Hanna Barakat has always been fast. As a 7-year-old in a ponytail and tiny cleats on her Little League soccer team, she was abnormally speedy—like Dash-from-the Incredibles speedy. She looked forward to the yearly mile test at school when she’d smoked all the boys in her grade.
“Can’t wait to watch you in the Olympics,” her fourth grade teacher wrote in her yearbook.
In 2020, the LA-born, Palestinian American sprinter made her Olympic debut for the Palestinian National Team, setting the national record for the women’s 100-meter sprint at 12.16 seconds.
Now, less than three years later, Barakat has decided to box up her track spikes for a slower life in San Francisco.
Back in college, though, it looked as though Barakat might never compete at all—much less in the Summer Olympics. During her first race on Brown University’s track team, she pulled a hamstring. That led to a diagnosis of multiple sclerosis, an autoimmune disease that attacks the brain and nerves. Doctors told her there was a chance she would never run again.
“I thought to myself, ‘The bar for competition is so low right now,’” she said. “I think removing those expectations is just what I need.”
She continued training and ended up on two all-school records that year.
In a 21st century turn of events, Barakat reached out to the Palestinian Athletic Federation on Instagram and joined the Palestinian National Team at the Arab Athletic Championships in Tunisia. Four weeks later, she got a call asking her to join them at the Tokyo Olympics.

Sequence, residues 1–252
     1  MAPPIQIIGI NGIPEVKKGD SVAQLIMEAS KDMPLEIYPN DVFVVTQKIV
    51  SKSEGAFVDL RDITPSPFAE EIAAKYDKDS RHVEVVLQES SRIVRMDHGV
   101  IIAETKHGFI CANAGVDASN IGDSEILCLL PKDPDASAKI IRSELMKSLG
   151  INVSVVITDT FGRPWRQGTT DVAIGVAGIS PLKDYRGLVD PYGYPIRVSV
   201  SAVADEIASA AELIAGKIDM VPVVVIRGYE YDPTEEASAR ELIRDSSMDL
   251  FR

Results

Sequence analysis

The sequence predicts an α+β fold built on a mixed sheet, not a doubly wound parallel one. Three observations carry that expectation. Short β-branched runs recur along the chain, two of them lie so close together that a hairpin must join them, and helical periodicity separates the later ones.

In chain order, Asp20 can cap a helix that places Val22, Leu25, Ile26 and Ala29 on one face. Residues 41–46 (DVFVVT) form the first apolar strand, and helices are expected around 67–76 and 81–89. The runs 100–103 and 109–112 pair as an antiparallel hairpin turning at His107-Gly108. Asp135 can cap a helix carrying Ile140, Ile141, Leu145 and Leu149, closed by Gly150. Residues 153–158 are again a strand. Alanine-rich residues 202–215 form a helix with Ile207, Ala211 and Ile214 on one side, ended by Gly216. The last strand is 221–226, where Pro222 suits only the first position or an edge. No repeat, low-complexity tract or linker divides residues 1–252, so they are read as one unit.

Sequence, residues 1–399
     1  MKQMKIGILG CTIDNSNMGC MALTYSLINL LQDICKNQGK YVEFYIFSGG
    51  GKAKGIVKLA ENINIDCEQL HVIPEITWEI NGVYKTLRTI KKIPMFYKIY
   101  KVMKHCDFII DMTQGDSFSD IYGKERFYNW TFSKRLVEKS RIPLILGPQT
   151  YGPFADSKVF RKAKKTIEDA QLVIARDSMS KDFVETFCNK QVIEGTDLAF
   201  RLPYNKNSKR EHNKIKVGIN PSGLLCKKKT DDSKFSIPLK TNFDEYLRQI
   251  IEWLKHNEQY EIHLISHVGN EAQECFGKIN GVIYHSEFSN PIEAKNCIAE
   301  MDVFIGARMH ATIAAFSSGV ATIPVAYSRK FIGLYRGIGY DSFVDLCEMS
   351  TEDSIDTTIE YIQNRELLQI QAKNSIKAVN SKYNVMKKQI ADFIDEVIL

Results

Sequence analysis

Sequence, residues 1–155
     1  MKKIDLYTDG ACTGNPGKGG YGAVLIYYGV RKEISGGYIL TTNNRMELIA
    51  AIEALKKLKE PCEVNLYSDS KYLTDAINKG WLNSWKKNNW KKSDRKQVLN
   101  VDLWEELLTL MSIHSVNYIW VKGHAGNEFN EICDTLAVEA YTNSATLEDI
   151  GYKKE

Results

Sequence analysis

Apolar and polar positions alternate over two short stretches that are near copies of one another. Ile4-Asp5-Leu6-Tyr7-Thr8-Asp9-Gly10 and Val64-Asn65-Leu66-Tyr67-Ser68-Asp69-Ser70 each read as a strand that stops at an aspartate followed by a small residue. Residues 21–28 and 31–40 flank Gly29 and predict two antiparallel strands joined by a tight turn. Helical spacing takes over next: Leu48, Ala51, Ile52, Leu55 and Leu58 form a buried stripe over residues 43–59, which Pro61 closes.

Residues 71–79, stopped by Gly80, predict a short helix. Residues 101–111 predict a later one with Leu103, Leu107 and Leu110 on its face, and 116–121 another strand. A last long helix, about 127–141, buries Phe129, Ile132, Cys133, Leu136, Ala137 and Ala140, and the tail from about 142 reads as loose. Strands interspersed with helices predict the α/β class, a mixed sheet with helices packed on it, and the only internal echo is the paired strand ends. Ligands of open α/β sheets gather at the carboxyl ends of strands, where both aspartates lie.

“My experience at the Olympics was unique,” said Barakat, whose family wasn’t allowed to join her in Tokyo due to pandemic safety protocols. (Her father, Mohammed Barakat, is also an Olympian, having played field hockey in the 1984 Games in Los Angeles.)
Barakat was one of 15 athletes on a quiet Boeing 747 to Japan and competed in a near-empty stadium meant to hold 80,000 people.
In spite of the international health crisis, Barakat said he still had an incredible experience and made friends for life.
“I stepped into this role that was much bigger than me,” she said. “And honestly, I was reminded how loved Palestine is globally.”
As just one of five athletes representing Palestine, Barakat said he felt a heavy responsibility for a nation whose very flag is being confiscated by the Israeli police.
“I remember my coach telling me, ‘Your role at the Olympics is so much bigger than the time you run,'” Barakat said.
She broke the national record anyway.
Now, Barakat is stepping back from her athletic career.
“My decision to retire does not change my love for the sport or passion for helping other Palestinians achieve their dreams,” she said. “I’m excited to pass the baton to the next generation of Palestinian athletes.”
When she’s not reaching out to fellow Palestinian athletes with Olympic dreams to offer her support or at her full-time job doing research in web3 governance, Barakat likes to be outdoors or taking yoga classes.
In the last year, she ran a United Nations 5k in Daly City to raise money for Palestinian children and frequents Bay Area Palestinian eateries like Reem’s, Beit Rima and Mishmish.
Like many active San Franciscans, Barakat hikes the trails near Baker Beach, takes long walks through the Panhandle—and tries not to worry about her time when she’s running through Golden Gate Park.
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